“Chronic Lyme disease” is not a medical diagnosis.
— American Academy of Pediatrics (Know myths, facts about Lyme disease)
People who believe they have fake diseases are victims in a way other patients never can be. Not only are they suffering, not only do people not believe them, but those that do believe them do them the worst disservice—they feed their false beliefs, distract from real treatments, and offer to sell them false compassion. These quacks should be ashamed. But of course, they have no shame.
— Dr. Peter Lipson, MD (Fake diseases, false compassion)
It becomes your whole world. I mean everything I did with my life and day I saw through Lyme-tinted glasses. […] Most of the things I was taught by the chronic Lyme community and by online groups later turned out to be false.
— Nick, a patient misdiagnosed with chronic Lyme disease and three other infections. (Nick’s story)
Yes, chronic Lyme is a cult. People are flocking to misguided beliefs based on what they hear from people of “power”. May not be famous people but those who have created a name for themselves through blogs, continual FB live posts, social media presence…etc. It is a cult and it’s dangerous. It’s a frightening notion that the more information we are privy to, the dumber we are starting to become because it’s easier to just follow the words of someone who sounds intelligent than it is to actually break it down and learn for one’s self.
— Jennifer, an MS patient who wants people to stop telling her she has chronic Lyme disease.
The relations and actions of some activists, medical practitioners, and commercial bodies involved in Lyme disease advocacy pose a threat to public health.
— Paul Auwaerter, MD, Johan Bakken, MD, PhD, Raymond Dattwyler, MD, J. Stephen Dumler, MD, John Halperin, MD, Edward McSweegan, PhD, Robert Nadelman, MD, Susan O’Connell, MD, Eugene Shapiro, MD, Sunil Sood, MD, Allen Steere, MD, Arthur Weinstein, MD, and Gary Wormser, MD (Antiscience and ethical concerns associated with advocacy of Lyme disease)
Many people suffering from medically unexplained chronic conditions such as chronic fatigue syndrome and other illnesses are desperate for an explanation and possible cure for their illnesses. They provide a ready customer base for any treatment that holds out promise of a cure, however lacking in evidence. The widespread use of the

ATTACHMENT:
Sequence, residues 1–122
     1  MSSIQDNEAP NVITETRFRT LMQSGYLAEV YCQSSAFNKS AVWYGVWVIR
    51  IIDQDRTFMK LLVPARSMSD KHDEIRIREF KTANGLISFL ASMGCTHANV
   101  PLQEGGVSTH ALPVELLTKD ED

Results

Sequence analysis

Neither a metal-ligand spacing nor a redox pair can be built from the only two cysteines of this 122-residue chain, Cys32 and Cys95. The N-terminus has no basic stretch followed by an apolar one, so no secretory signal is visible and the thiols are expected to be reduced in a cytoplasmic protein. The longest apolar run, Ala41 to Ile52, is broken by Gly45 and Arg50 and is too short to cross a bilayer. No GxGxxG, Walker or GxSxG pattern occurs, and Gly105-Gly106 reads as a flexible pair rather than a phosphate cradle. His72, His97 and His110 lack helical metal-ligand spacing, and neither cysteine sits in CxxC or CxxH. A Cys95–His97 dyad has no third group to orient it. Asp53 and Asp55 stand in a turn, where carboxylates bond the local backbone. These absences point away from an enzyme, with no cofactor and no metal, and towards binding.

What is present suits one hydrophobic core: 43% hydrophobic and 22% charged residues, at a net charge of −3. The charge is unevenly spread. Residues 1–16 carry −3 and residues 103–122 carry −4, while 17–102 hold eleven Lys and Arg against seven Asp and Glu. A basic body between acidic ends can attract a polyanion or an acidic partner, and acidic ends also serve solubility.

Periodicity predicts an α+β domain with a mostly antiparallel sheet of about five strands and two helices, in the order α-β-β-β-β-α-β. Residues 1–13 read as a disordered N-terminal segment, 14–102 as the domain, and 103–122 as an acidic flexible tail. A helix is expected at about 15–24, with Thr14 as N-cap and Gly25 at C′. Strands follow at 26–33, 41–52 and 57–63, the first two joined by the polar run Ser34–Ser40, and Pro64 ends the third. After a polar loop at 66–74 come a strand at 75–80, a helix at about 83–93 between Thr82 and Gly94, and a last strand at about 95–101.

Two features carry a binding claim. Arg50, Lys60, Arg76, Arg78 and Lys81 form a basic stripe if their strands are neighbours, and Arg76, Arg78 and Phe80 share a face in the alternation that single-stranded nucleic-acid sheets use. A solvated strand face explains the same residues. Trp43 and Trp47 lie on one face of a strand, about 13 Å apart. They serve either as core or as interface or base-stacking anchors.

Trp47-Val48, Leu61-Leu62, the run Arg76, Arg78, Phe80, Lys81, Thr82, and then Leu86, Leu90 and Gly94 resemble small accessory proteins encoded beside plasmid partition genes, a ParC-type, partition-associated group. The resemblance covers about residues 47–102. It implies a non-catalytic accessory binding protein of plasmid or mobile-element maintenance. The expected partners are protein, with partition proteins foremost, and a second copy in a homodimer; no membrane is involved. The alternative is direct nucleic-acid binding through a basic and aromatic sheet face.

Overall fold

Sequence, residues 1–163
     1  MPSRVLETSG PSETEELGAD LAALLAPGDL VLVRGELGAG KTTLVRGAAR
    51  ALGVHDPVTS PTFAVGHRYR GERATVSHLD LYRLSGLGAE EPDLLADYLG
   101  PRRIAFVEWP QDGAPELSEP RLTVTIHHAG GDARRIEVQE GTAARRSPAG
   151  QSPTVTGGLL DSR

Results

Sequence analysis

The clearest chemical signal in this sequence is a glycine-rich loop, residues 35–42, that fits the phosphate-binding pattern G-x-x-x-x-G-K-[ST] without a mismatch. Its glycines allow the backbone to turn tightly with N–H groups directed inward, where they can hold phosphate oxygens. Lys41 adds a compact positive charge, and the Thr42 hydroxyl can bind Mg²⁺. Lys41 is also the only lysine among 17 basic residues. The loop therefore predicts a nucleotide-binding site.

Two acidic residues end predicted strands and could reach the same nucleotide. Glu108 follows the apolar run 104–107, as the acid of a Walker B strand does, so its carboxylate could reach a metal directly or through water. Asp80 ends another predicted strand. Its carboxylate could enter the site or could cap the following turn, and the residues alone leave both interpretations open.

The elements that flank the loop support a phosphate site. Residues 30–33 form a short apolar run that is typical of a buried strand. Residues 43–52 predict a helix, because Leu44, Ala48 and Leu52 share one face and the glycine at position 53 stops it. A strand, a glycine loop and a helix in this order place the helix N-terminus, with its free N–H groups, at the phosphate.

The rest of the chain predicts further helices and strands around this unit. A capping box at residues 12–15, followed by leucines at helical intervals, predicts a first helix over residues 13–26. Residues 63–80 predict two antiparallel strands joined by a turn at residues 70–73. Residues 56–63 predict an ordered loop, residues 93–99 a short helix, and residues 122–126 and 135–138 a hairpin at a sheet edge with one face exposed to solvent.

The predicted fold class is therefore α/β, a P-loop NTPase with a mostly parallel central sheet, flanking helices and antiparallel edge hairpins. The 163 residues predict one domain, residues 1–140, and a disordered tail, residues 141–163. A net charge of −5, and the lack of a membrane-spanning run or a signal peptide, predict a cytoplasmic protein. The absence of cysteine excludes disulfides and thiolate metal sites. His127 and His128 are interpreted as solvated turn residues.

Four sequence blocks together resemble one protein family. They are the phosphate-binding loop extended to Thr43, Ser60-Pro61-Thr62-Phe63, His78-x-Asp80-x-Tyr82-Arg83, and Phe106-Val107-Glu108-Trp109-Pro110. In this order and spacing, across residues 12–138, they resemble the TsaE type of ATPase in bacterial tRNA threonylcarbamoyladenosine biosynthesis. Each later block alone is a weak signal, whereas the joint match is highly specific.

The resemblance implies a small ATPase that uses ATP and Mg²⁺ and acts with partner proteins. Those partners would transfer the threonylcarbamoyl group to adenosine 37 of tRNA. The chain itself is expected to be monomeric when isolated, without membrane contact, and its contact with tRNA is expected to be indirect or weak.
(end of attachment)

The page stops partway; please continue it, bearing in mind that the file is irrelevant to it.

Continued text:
unreliable ILADS clinical guidelines in this large group of patients would result in inappropriate treatment and potentially serious morbidity.
Health Protection Agency of the UK (2010 review of guidelines from ILADS)
To date, no study in the United States has shown that Bartonella can be transmitted to humans by ticks. […] Unfortunately there is a great deal of misinformation regarding multiple tickborne infections (called coinfections) on the internet. The possibility of having several tickborne infections at once or having pathogens such as Bartonella that have not been shown to be tickborne, is extremely unlikely.
‘Chronic Lyme’ may be similar to parasitosis, a delusion of persistent and intractable infection; online forums devoted to the subject show the burden of illness, fear, and risk that these patients experience. Many are extremely knowledgeable about highly technical aspects of Lyme disease and different serological approaches; they reject a single fact, their negative diagnosis and the nonpersistence of infection following treatment. Others with a variety of symptoms are ill-equipped to resolve the conflict between different authorities: the mainstream medical and scientific establishment, the alternative mainstream of LLMDs and commercial labs, and the online community of ‘chronic Lyme’ activists.
— National Collaborating Centre for Infectious Diseases (Canada) (Lyme Disease in Canada: An Update on Case Definitions and Treatments)